Athlete looking at Sunday for supersonic skydive
ALBUQUERQUE, N.M. (AP) — Extreme athlete Felix Baumgartner hopes to make a second attempt to become the world's first supersonic skydiver with a 23-mile free fall over New Mexico on Sunday or Monday.
Baumgartner aborted his mission Tuesday due to high winds, and his team had hoped the weather would allow him another try Thursday. But now they're looking at the next window being Sunday or Monday.
Baumgartner is hoping to become the first skydiver to break the sound barrier by jumping from a capsule floated more than 120,000 feet into the stratosphere by an ultra-thin, 55-story helium balloon.
The jump was postponed due to wind Monday, then aborted at the last minute Tuesday because of wind gusts. The balloon is so delicate that it can take off only if winds on the ground are 2 mph or less.
Baumgartner is disappointed "like the rest of us" but taking a couple of days of critical downtime, his high-performance athletic trainer, Andy Walshe, said Wednesday.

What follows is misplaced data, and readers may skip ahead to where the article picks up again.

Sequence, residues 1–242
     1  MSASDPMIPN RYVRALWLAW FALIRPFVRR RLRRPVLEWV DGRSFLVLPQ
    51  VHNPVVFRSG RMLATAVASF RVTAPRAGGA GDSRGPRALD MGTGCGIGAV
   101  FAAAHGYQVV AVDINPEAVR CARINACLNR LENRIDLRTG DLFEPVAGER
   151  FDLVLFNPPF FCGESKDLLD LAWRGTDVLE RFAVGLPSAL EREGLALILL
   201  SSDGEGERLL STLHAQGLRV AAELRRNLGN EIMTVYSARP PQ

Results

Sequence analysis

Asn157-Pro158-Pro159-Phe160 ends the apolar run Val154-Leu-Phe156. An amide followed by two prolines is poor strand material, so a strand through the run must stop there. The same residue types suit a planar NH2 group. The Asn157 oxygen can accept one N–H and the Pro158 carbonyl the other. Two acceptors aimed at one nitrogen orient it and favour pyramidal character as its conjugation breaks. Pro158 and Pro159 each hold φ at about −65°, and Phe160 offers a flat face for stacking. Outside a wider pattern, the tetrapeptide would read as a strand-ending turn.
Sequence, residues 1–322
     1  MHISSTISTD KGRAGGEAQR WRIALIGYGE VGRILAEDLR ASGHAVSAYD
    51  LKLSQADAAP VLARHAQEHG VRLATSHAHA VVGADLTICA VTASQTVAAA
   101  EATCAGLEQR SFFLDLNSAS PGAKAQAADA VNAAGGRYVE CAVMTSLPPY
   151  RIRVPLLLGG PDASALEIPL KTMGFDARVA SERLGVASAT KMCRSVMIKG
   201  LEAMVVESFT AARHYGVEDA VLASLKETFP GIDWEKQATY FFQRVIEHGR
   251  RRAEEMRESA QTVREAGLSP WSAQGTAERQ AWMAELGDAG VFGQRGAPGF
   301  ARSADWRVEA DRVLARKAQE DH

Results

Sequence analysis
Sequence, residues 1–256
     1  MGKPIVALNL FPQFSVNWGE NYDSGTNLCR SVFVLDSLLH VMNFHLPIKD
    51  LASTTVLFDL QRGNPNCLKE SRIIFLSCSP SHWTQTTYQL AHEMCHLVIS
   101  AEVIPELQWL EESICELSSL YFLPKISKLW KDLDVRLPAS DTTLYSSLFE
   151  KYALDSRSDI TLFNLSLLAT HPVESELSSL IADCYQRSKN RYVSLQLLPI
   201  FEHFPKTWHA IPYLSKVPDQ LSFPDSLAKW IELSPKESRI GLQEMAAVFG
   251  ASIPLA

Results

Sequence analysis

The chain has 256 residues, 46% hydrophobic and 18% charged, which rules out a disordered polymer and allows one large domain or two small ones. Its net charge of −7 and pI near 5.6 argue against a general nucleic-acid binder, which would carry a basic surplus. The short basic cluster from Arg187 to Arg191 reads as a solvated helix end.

Team meteorologist Don Day noted during a media briefing at the Roswell launch site that weather delays are common in stratospheric ballooning.
"It takes a lot of patience," said Joe Kittinger, a former Air Force captain whose free-fall record Baumgartner is trying to break. Kittinger is a lead member of Baumgartner's team, and will be the only member of mission control who will communicate directly with Baumgartner during his nearly three-hour ascent in a pressurized capsule.
Kittinger said his 1960 jump, the first attempt to break the sound barrier, also was delayed by weather. He leapt from a helium balloon-floated, open-air gondola from an altitude of 19.5 miles.
"I was ready to go and had to wait," Kittinger said at the briefing. "It's frustrating. But you have to go through it. What you see is what you get."
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